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The Gary Superneau Youth Bowling League is working to get kids hooked on the lifetime sport of bowling.
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North Adams Youth Bowling League Gets Some Help

By Jack GuerinoiBerkshires Staff
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About three dozen children and teens ranging in age from 5 to 19 participate in the Saturday morning league. 
NORTH ADAMS, Mass. — The Gary Superneau Youth Bowling League is still going strong and has a new partnership that opens it up to more families.
League organizer Brent Lefebvre said because of the new financial partnership with MountainOne, the longtime youth bowling league will be able to teach more children how to bowl.
"The youth bowling league has been around for a very long time. I bowled in it when I was a youth and it was around before I came along," Lefebvre said. "This partnership will help us grow the sport of bowling by providing opportunities for children to bowl who normally would not be able to due to financial strain."
The league has been around for some time now and was renamed this year in memory of local bowling legend and champion of youth bowling Gary Superneau, who passed in 2016. Superneau and his father had managed and owned the bowling alley for many years. 
The group meets up Saturday mornings at Greylock Bowl & Golf where U.S. Bowling Congress registered and certified coaches are available to guide the youngsters.
"The mission of our league is to provide a safe and fun environment for the youth of our community to learn the sport of bowling," he said. "Children in the league will learn sportsmanship, teamwork, perseverance, and many other important skills useful in everyday life."
Lefebvre said there are 35 kids currently in the league and ages range from 5 to 19. The league is split into a peewee division and a junior/senior division.
"This is where they learn the fundamentals of bowling, proper form and technique, and the general rules of bowling," he said. "As the kids move up in age and skill, they move to the junior/senior division."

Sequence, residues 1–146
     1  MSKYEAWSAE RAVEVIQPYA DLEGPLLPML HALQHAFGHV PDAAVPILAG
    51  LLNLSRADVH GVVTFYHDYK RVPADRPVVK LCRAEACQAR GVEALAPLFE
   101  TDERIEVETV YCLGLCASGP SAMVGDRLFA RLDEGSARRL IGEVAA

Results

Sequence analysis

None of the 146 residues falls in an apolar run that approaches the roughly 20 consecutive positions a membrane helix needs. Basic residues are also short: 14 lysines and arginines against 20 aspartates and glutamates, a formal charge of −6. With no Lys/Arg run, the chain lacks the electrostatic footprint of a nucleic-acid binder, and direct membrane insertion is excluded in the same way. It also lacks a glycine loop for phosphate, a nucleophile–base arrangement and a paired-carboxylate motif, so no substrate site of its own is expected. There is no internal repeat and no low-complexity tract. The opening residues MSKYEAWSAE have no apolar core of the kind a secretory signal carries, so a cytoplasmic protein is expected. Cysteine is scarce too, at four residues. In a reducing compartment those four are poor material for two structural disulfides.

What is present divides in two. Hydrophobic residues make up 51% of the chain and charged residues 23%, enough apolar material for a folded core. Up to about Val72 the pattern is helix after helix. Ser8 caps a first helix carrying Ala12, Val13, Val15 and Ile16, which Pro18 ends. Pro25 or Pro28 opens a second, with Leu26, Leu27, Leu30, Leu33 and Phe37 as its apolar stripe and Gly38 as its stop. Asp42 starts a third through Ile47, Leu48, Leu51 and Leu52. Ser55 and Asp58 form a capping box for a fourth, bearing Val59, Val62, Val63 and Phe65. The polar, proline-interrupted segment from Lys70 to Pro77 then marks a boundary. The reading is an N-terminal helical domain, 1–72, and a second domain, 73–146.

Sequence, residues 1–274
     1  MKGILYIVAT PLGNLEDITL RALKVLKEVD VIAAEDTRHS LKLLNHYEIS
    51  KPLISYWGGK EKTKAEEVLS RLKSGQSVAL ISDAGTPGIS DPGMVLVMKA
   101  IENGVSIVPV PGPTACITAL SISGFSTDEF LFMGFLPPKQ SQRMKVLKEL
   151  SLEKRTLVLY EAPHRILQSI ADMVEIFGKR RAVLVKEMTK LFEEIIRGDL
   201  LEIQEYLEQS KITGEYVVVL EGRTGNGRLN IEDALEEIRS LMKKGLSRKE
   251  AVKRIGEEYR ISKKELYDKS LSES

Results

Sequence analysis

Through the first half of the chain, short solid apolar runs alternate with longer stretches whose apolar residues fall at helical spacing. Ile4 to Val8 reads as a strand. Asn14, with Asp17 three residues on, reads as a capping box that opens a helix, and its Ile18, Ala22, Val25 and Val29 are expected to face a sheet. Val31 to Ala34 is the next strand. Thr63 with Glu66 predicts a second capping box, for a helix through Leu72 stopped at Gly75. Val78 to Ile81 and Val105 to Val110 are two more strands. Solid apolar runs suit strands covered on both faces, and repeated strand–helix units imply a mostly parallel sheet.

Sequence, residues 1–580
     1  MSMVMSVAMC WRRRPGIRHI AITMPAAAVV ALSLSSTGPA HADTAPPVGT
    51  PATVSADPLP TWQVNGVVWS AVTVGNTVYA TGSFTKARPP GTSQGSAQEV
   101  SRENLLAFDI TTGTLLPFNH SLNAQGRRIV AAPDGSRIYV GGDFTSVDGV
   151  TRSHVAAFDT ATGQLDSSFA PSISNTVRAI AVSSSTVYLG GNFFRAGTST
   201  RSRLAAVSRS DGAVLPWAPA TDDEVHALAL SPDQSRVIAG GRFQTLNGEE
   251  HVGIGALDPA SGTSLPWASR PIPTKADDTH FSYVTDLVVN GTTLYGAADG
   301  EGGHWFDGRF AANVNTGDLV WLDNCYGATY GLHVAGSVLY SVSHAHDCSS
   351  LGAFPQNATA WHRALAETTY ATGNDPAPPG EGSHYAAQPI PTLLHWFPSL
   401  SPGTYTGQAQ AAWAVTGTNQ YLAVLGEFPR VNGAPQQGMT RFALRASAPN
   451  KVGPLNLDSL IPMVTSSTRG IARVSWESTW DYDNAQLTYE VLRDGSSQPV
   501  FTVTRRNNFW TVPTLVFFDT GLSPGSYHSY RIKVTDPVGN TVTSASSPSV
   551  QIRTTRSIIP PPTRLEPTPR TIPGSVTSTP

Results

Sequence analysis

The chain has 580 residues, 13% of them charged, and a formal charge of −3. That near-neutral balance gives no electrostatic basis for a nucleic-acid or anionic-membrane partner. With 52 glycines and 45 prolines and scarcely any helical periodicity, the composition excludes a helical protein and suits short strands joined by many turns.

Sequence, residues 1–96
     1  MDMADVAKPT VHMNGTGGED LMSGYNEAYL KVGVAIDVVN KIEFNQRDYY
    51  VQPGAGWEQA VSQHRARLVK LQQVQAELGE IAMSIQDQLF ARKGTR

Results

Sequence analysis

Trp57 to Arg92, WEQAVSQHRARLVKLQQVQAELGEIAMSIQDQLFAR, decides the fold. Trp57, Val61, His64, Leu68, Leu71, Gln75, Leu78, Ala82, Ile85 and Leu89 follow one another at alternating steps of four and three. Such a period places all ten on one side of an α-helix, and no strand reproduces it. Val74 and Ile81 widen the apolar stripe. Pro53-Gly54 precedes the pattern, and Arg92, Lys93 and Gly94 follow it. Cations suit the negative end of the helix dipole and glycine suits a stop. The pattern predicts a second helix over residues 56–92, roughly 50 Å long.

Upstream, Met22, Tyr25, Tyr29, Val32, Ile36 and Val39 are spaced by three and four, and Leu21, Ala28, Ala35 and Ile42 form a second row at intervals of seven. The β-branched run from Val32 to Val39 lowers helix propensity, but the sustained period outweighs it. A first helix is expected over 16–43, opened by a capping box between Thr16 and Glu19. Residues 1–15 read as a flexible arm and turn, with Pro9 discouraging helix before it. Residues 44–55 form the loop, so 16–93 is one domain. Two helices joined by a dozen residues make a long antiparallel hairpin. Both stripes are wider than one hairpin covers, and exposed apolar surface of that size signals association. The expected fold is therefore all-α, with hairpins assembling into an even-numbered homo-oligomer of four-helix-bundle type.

Lefebvre said once in the upper division, they learn more advanced skills.
"This is where, with the help of our coaches, they will hone their skills and learn the more advanced techniques of bowling," he said. "Things like how to use a reactive ball, how to read the lanes and where to throw the ball depending on what the oil pattern is doing."
Lefebvre said there is a cost to the bowling program and now that the MountainOne financial services firm is offering financial aid to families, the cost of the program can be offset, and more children can learn how to bowl properly. 
Bowling is different than other sports and the young bowlers are learning something they will be able to enjoy for the rest of their lives, he said.
"It's a lifelong sport. Similar to golf in the fact that it's something you can do at age 5 as well as age 70," he said. "It's not a high-impact sport so the wear and tear on your body is much less than that of football or basketball. Bowling requires hand-eye coordination, timing, balance and a large amount of focus."
Signups for the league were earlier this summer but anyone interested in participating can contact the league through its Facebook page here
Disclosure: Greylock Bowl & Golf is owned by Publisher Osmin Alvarez.

Tags: bowling,   greylock bowl,   youth sports,   

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North Adams Council Passes $41M Budget for Fiscal 2021

By Tammy DanielsiBerkshires Staff
NORTH ADAMS, Mass. — The City Council approved a $41 million budget for fiscal 2021 on Tuesday along with using close to $300,000 in reserve funds despite concerns expressed by several councilors.
The total amount to be raised is $40,939,756, up $134,218, or 0.33 percent, from last year. Some $11,369.776 has already been spent over the past three months through continuing appropriations caused by delays in the state budget because of the novel coronavirus pandemic. 
"This is now coming on really six months of a budget process," said Mayor Thomas Bernard. "We typically start talking about the budget with the Finance Committee in March, and this year we had our first conversation in late April because following the shutdown at the state and local levels, there was just so much uncertainty ... it made sense to pursue several months of continuation budgets, with the goal of bringing forward this budget now for you in October."
The budget on its own did not generate much discussion overall but the use of $320,427 in reserve funds to offset the amount to be raised by taxes did.
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